At its Chicago press event today, Motorola announced sequels to its customizable and affordable Moto X and Moto G handsets. Though the mobile company decided against renaming the devices, these successors sport improved camera specs and a guaranteed update to the upcoming Android L OS.
In the US, the Moto G will retail starting at $179.99, £150 in the UK, and AU$269 in Australia.
Given its larger display, the Motorola Moto G sports a slightly bigger build than its predecessor. The device measures 5.57 inches tall, 2.78 inches wide, and 0.43-inch at its thickest (141.5 x 70.7 x 11mm), and weighs 5.26 ounces (149 grams). During our brief time with it, the phone felt nice in the hand. The handset's rear curves comfortably, and the dual front-facing speakers are a nice touch.
The fact that it costs only $180 unlocked seems like a real achievement, given its build quality. Its current look is more in line with the original Moto X, and that's no surprise. This is clearly intended to be a mainstream device for those that don't want to pay up for a premium.
The Moto G's 5-inch IPS display has the same 720x1,280-pixel resolution as the original. But even considering its expanded touchscreen, pixels per inch decreased from 329ppi to 294ppi. Indeed, we noticed that the screen lacked a bit of vibrancy.
One interesting improvement is the addition of a water-repellent coating that protects the handset from casual splashes. While this won't provide enough protection to take your Moto G swimming, it's definitely a welcomed layer of protection against a few unforeseen raindrops.
As expected, there are customizable options with this phone. In addition to the black and white variants, users can change out the Moto G's back plate. This can be done with either a simple Motorola Shell or a Flip Shell, which has a flip cover to protect the front display. Both these shells come in a variety of colors including blue, red, teal, green, and yellow.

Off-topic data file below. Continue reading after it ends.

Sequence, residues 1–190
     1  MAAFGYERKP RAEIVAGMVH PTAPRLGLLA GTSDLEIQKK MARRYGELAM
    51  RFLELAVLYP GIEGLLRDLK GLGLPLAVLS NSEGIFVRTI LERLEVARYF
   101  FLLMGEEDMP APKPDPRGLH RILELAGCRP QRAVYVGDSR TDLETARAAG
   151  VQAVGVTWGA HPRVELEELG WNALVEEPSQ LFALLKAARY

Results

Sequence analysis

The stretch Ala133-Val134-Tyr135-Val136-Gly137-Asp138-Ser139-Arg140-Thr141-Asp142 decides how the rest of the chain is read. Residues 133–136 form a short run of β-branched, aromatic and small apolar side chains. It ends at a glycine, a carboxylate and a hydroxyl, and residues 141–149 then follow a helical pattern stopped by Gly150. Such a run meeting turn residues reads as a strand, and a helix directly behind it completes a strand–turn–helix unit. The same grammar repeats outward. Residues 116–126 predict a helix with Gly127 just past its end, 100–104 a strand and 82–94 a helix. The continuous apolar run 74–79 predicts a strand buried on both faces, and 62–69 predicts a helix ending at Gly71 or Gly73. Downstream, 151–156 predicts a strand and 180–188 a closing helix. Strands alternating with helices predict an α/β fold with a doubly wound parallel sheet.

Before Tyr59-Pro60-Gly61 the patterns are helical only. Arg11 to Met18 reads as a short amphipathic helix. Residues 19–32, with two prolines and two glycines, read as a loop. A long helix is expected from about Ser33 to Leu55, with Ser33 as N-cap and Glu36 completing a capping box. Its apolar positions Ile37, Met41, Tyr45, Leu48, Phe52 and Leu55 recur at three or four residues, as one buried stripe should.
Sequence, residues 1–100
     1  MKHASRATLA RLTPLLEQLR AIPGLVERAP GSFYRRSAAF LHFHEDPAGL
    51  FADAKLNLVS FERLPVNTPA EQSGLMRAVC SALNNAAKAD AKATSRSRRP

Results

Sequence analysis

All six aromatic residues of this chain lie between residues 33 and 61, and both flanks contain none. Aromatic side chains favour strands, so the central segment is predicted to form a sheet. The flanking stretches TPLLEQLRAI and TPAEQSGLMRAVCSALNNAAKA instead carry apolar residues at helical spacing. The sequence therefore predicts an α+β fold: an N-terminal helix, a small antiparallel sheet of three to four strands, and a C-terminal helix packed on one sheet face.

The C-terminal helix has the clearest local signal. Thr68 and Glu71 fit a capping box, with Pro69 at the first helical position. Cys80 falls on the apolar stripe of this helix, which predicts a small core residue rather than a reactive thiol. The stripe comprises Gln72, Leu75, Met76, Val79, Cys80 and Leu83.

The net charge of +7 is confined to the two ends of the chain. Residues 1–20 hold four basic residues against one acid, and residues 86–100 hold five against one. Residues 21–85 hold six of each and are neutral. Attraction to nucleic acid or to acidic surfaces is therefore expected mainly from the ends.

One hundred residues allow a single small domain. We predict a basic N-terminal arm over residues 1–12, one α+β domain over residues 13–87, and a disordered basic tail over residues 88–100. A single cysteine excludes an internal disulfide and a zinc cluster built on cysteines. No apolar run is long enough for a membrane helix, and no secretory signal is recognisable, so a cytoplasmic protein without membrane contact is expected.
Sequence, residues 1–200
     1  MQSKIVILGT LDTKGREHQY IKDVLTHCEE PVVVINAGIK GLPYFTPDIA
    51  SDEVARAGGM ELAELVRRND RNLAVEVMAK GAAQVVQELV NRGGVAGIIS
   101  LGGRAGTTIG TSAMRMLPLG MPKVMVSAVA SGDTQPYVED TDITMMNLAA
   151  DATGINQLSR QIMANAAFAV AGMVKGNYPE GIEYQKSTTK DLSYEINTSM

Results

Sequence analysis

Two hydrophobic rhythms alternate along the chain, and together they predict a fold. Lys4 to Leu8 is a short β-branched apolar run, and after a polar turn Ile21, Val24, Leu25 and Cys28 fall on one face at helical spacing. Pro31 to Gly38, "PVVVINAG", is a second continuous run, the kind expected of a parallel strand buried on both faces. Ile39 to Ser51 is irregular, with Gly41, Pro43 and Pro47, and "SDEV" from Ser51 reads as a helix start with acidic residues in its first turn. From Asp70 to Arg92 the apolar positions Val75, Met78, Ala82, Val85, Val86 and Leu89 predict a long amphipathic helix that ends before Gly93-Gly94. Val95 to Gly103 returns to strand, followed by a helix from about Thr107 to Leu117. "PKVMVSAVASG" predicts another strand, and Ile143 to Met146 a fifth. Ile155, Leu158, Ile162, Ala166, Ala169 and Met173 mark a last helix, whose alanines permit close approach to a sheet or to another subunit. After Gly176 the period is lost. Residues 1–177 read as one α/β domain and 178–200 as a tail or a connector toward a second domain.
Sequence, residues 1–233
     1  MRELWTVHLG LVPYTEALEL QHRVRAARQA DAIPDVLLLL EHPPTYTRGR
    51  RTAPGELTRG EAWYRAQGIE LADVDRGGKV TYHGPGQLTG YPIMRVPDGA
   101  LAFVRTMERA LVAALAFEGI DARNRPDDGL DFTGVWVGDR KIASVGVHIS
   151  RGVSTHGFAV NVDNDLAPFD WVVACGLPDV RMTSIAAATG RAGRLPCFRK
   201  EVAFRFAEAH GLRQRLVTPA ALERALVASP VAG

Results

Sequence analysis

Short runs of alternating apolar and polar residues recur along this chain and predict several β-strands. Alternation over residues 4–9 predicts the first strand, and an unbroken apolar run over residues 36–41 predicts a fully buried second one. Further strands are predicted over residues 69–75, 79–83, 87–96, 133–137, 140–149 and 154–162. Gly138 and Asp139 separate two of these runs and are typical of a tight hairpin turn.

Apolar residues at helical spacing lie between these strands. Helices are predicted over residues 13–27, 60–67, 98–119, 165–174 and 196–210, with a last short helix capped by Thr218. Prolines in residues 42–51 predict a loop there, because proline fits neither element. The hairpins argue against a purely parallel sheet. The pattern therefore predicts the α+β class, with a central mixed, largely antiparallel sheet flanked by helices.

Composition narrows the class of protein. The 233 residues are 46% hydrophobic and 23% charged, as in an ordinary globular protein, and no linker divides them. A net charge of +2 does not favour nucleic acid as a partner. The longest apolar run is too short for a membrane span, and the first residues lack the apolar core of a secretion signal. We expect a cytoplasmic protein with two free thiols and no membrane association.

With this second-generation Moto G, the device will come with stock Android 4.4 out of the box and will update to Android L as soon as the version is available from Google.
As for its hardware components, a few specs remain the same as the original. It still has a quad-core 1.2GHz Snapdragon 400 processor, a 450MHz Adreno 305 GPU, and a 2,070mAh battery. It also still lacks LTE (instead, both the global and US models support HSPA+ bands). However, after Motorola released its first Moto G, a more expensive 4G LTE model quickly followed suit. Though we don't know if the company plans to do the same with this iteration, it's expected that if users want a faster LTE connection, the phone's starting price will then jump to around $219.
As for what did change, camera specs have been notably bumped up. The rear-facing shooter is now equipped with an 8-megapixel lens (compared to the previous 5-megapixel), and the front-facing camera has gone from 1.3 to 2 megapixels. Users can now use the volume rocker to activate the shutter as well.
Motorola also added a microSD card slot that can support up to 32GB of additional memory. In combination with the Motorola Assist hands-free support service (which is a sleep mode users can activate that mutes incoming notifications), this handset is a really useful all-in-one Android solution.
Other features include either 8GB or 16GB of internal storage, Bluetooth 4.0, and a dual-SIM option for certain regions. In Brazil, the dual-SIM variant will also have built-in direct TV signal support.
If you were to drop it into someone's hands and ask them to guess how much your Motorola Moto G cost, we bet they'd be surprised how affordable it was. Similar to its older brother, the device's main draw is its price. Although it is a competitively priced phone, it doesn't feel or even look like a cheap phone.
Of course, there are some drawbacks. Some of its hardware specs haven't improved this time around, and the lack of 4G LTE (for now, we can assume) is a drag. But given its unlocked value, the Moto G still remains a compelling option for users seeking an inexpensive Android device.